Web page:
alexa Osteogenesis Imperfecta and Constipation: A Case Report | OMICS International
ISSN: 2161-069X
Journal of Gastrointestinal & Digestive System

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Osteogenesis Imperfecta and Constipation: A Case Report

Marwa Abu El Haija*

Pediatrics, PGY-1, University of Texas Medical Branch-Galveston, Texas, USA

*Corresponding Author:
Marwa Abu El Haija
Pediatrics, PGY-1
University of Texas Medical Branch-Galveston, Texas, USA
E-mail: [email protected]

Received date: January 19, 2013; Accepted date: February 16, 2013; Published date: February 18, 2013

Citation: El Haija MA (2013) Osteogenesis Imperfecta and Constipation: A Case Report. J Gastroint Dig Syst S3:003. doi: 10.4172/2161-069X.S3-003

Copyright: © 2013 El Haija MA. This is an open-access article distributed under the terms of the Creative Commons Attribution License, which permits unrestricted use, distribution, and reproduction in any medium, provided the original author and source are credited.

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Abstract

Osteogenesis imperfecta (OI) is a heterogeneous group of heritable group of disorders in which the amount of type-1 collagen is decreased or the type 1 collagen is abnormal . 90% of cases are due to autosomal dominant mutations, while the remaining 10% are due to autosomal recessive mutations or of unknown cause. Type III was found to be associated with chronic gastrointestinal (GI) problems including constipation. There are two studies that showed that children and adults who have OI Type III are more likely to have constipation and complaints of abdominal pain, constipation was contributed to pelvic deformities in those reports. We present a case of an 18 year- old female with chronic constipation and that was found to have Hirschsprung’s disease.

Introduction

Osteogenesis imperfecta (OI) is a heterogeneous group of heritable group of disorders in which the amount of type-1 collagen is decreased or the type 1 collagen is abnormal [1,2]. 90% of cases are due to autosomal dominant mutations, while the remaining 10% are due to autosomal recessive mutations or of unknown cause [3]. Type III was found to be associated with chronic gastrointestinal (GI) problems including constipation. There are two studies that showed that children and adults who have OI Type III are more likely to have constipation and complaints of abdominal pain [1,4], constipation was contributed to pelvic deformities in those reports. We present a case of an 18 year- old female with chronic constipation and that was found to have Hirschsprung’s disease.

Case Report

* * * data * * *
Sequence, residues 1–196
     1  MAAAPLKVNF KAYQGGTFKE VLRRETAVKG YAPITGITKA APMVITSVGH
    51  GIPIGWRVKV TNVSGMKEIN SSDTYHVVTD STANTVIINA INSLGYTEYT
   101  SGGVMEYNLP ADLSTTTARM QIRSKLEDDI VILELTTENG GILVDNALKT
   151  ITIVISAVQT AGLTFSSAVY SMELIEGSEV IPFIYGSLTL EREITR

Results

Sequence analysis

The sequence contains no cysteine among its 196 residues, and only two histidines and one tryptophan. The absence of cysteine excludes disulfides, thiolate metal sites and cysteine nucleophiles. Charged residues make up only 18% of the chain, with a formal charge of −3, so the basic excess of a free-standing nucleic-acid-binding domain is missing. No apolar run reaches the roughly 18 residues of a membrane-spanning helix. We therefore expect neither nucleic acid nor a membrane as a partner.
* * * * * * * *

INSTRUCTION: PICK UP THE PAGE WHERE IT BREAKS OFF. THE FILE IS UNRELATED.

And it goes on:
This is an 18 year old female who has history of OI type III and chronic constipation since birth. She presented with a picture of intestinal obstruction complaining of non-bloody, non-bilious vomiting and non bloody diarrhea that started same day of admission. Lately she has been complaining of 3 week history of abdominal pain as well as an incidental mass in the right side of her abdomen.

Her parents mentioned that her chronic constipation was contributed to her immobility and some degree of dehydration as this would be a common cause of constipation in OI patients. Hence her management focused on symptomatic relief by Polyethylene Glycol 3350 since birth.

Her constipation was not well controlled despite her taking her osmotic laxative Polyethylene Glycol 3350 on a regular basis. By the time she presented to us, she had obstipation for 3 weeks prior to admission. She also complained of inability to pass stools and had diffuse abdominal pain. Her mother felt a mass in the Right Lower Quadrant (RLQ) when she tried to message her abdomen. She was diagnosed as a case of stool impaction but managed with enemas and laxatives. She was admitted to another hospital for one week for those symptoms, but neither the constipation nor the pain was relieved. She was discharged home on stool softeners mainly Polyethylene Glycol 3350. She came to our hospital with the picture of obstruction described above.

She was admitted to the pediatric inpatient floor. On exam she was in distress and pain, she had short stature and abnormal bowing of bones in the upper and lower extremities. The only other significant finding on her exam was the abdominal exam; she had absent bowel sounds, moderate tenderness on the RLQ and a mass measuring 13×6 cm on exam.

Pediatric surgery was consulted, she was made nil per os (NPO), a nasogastric tube was placed. Her labs urine analysis, urine cultures, urine pregnancy, stool culture were all within normal limits, her complete blood count showed mild leukocytosis with a left shift.

Computed Tomography (CT) of abdomen was positive for a large fecal mass, measuring up to 10.2 cm in diameter and 13 cm in length, present at the recto-sigmoid junction. The rectum and sigmoid showed concentric mucosal thickening, mild hyperemia and engorgement of the mesenteric vessels. The fecal mass displaced the uterus and bladder toward the left and compressed the Inferior Vena Cava. The remainder of the colon was also filled with stool, but without mucosal thickening. The fecal filled colon occupied most of the anterior abdomen.

Fecal disimpaction was performed with a biopsy from the rectum that showed absence of ganglionic cells suggesting and confirming the diagnoses of hirschsprung’s disease. She was then managed as a case of Hirschsprung’s disease by our pediatric surgeons.

Discussion

Constipation in Osteogenesis Imperfecta type III is common; reasons suggested by literature are immobility, dehydration, inadequate fibers in diet and possibly due to pelvic deformity. We have diagnosed a case of OI type III with Hirschsprung’s disease. To our knowledge this is the first reported case of Hirschsprung’s disease in OI patients. We hope that this case will increase awareness among care providers regarding this rare entity.

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